Dog days

30. Juni 2015 at 22:53 (Posts in English) (, , , , , , , , , )

This is the second part of a story I wrote for the Write Now meeting in May. You can read the first part here: Bird of passage and here is the third and final part: Flight.


It had been unusually hot for a whole week now. The dog days hardly ever hit London, but when they did, life became unbearable for those who weren’t used to sweating their souls out. The heat started to seep in through door cracks and warped windows long before the sun reached its boiling point. The best solution was to go outside and hope for a light breeze in the shadow of the trees beside the River Thames.

Jonathan checked on Lily before he left for work. The living room was only lit up by a thin slice of light evaporating from the street lamp, jostling in through the curtains that never quite seemed to be able to meet, slashing brightly across Lily’s face. When she was asleep, she still looked as peaceful and undisturbed as a child, except for the grim-faced dragon that spat fire on her forearm. Even now, seventeen years later, he felt compelled to watch out for his little sister. And Lily needed his assistance a lot. Somehow, she managed to manoeuver herself from one delicate situation to the next. Currently, she was crashing at Jonathan’s place, because she had nowhere else to go – and because her brother was the only person left who cared for her well-being.

Apart from the dog, of course. Although Lily was known for shouting and screaming when she was upset – and she mostly paid visits to her brother, when she had reached the pitfall of pain from which she couldn’t pull herself out alone – the dog would just shelter his delicate ears for the duration of the noisy disruption, but love the perpetrator all the same. Because she was family and even the dog knew that.

Two hours after Jonathan had begun his day of work, the golden retriever started licking Lily’s face, wagging his tail joyfully against the couch and her thighs. She groaned and yawned. The dog mimicked her yawn and started yapping at her. Smelling the dog’s breath, she felt slightly sick. She rushed to the bathroom.
When she came back, the dog was sitting at the door, looking up at her expectantly. She owed him a walk. That was the deal – Jonathan tried to sustain their lives and she walked the dog. Her brother would be stacking fresh bread, rolls and scones until one o’clock, then he would come home with loads of carbs in his backpack, feed his roommates and leave for another evening of serving beer at the pub across the street. And she would, well, walk the dog again.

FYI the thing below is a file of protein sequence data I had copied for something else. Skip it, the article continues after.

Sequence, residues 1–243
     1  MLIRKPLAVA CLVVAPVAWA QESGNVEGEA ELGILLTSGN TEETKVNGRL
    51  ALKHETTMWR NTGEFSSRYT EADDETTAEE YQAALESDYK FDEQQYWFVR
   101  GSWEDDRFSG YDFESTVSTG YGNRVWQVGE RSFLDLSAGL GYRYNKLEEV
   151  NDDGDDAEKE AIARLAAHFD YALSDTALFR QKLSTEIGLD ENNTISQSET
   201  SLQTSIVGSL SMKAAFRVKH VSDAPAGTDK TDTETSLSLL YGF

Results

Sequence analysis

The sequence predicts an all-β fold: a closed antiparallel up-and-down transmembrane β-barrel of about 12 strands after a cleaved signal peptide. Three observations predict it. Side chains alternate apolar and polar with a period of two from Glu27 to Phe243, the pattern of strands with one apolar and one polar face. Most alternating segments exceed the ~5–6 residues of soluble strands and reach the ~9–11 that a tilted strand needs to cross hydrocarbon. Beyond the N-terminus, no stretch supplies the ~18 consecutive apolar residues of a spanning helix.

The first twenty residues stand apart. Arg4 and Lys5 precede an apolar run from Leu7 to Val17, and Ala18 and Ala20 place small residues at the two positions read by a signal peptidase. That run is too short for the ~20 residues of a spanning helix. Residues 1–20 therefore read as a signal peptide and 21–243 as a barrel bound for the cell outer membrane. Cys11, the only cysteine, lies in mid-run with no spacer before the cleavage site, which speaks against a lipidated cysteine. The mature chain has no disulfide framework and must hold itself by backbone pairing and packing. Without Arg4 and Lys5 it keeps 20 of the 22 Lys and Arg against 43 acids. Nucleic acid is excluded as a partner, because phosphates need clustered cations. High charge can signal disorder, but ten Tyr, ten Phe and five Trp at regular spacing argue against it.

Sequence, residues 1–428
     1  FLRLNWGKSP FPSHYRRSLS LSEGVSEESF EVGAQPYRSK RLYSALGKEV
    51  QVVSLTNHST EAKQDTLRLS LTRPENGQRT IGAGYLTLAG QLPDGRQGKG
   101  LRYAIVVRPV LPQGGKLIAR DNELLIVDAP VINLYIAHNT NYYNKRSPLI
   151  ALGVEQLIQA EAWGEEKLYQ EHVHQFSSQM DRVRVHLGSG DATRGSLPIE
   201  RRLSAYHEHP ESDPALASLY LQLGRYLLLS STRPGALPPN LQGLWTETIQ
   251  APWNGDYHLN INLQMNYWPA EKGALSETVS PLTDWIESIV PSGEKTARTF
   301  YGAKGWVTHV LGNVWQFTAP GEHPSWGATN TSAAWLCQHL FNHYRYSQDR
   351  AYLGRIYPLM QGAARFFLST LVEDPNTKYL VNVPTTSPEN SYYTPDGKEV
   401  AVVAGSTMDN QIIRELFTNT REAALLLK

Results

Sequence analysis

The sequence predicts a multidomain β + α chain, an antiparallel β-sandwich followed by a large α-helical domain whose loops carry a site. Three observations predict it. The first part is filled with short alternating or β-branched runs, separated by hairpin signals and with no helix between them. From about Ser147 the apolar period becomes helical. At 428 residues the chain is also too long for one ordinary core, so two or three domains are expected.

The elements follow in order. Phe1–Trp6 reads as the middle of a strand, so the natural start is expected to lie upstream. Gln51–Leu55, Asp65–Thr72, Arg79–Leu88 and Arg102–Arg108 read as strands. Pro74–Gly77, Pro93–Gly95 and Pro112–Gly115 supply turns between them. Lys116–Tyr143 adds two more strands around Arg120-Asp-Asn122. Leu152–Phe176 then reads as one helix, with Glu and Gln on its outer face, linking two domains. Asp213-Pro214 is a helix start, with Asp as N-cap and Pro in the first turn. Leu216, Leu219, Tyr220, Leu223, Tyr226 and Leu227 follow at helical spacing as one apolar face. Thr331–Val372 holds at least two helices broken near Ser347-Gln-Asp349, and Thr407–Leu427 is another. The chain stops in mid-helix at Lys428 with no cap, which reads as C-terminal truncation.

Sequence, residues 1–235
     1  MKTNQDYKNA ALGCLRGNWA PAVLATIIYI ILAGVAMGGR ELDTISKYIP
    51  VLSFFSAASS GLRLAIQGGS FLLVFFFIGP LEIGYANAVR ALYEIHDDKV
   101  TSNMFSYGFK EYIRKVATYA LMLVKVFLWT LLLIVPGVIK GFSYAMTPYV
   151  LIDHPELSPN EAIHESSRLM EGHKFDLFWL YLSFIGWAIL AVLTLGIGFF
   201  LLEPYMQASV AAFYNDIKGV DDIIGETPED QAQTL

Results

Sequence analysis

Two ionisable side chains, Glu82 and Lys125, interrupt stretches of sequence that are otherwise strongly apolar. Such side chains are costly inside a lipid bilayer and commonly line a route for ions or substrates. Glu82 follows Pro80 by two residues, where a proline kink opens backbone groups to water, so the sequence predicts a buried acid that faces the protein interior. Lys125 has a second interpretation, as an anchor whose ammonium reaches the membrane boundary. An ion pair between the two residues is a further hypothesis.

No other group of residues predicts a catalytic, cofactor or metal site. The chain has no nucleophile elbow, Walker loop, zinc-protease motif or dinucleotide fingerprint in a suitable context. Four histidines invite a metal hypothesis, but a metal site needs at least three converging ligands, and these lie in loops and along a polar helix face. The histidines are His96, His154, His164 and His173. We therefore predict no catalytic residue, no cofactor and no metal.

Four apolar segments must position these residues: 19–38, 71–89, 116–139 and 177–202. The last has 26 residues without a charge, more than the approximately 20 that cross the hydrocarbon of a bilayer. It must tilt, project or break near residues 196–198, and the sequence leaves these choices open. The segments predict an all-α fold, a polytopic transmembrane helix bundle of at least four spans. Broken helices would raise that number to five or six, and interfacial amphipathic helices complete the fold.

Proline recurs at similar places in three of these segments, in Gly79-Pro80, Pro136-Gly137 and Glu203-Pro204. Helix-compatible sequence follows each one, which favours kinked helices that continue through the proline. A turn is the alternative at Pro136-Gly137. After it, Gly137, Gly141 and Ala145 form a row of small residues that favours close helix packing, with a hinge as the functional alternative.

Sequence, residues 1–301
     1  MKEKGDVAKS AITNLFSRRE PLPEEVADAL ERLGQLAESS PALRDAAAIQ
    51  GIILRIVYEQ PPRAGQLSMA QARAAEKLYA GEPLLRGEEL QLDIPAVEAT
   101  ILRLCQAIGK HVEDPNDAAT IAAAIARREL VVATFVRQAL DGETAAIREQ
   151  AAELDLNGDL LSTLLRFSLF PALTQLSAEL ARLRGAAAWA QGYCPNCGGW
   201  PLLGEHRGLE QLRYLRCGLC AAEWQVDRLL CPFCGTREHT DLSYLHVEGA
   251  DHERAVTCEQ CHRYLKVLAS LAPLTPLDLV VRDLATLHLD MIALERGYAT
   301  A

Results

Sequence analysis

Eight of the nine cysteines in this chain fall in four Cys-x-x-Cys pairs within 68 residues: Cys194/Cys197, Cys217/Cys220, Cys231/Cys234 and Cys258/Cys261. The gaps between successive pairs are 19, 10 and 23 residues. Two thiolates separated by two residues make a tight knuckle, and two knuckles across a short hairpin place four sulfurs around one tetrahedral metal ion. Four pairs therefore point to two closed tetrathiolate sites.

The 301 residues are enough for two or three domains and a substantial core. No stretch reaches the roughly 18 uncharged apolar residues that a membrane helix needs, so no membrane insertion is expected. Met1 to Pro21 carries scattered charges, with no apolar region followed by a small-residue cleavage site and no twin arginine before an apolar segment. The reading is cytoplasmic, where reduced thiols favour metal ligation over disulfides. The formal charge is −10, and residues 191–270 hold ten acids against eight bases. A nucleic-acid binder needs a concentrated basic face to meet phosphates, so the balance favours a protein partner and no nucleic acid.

Jonathan had somehow managed to get his life on track, and Lily admired him for this. However, she didn’t have any motivation to follow his lead. She hadn’t held a job for more than two months, she had started and quit several educational programmes, but she couldn’t force herself to stick with anything, really. It was the same with partners – she liked to let herself be picked up in filthy bars, but as soon as she showered and her skin lost the smell of whichever man she had slept with, she began to alienate herself from him and soon found another filthy bar to drink her beer in.

When she couldn’t put it off any longer, she attached the long leash at the dog’s collar. She slipped on her running shoes. They dashed down the stairs, letting the door snap shut behind them, running out onto the street and off into the grey city’s beckoning arms.
As soon as they arrived at the river, Lily had to throw up into the deliciously blooming bushes – like every morning of the last three weeks. The dog didn’t mind, he was busily marking his territory. The sun smiled smoulderingly from the clear blue sky, weaving golden patterns on the surface of the river. Lily rinsed her mouth at the water fountain, splashed some water on the dog’s head as a revenge for wetting her face with its saliva and off they ran again.


Before Jonathan left for his evening at the pub, she told him that she didn’t want the baby and that she hated the guts of the man who had impregnated her. She neither remembered his name nor his smell, only the thick brown fluff of chest hair on which she had rested her head before falling asleep. And most importantly, she didn’t want to beg for money, she said. (Not for his money, at least. Jonathan’s was okay.) Then she left, because she didn’t want to discuss the matter of her surprising fertility any further.

“You’re not going to drink, are you?”, Jonathan cried after her, before she could disappear into the hallway. She stopped at the door and glared back at him, “How stupid do you think I am? I’m going to inform myself about adoption services. I don’t want her to lead a life that is as fucking miserable as ours. I want her to grow up in a stable family!” Jonathan came a step closer and tried to grab her hand, but she wouldn’t let him. “How do you know already that it’s going to be a girl?”, he asked her, while his eyebrows where climbing up higher and higher on his forehead. She stared at him again and hissed, “I just know it, okay?!”, and before he could say anything else, she left and slammed the door shut behind her. The dog barked its goodbye.

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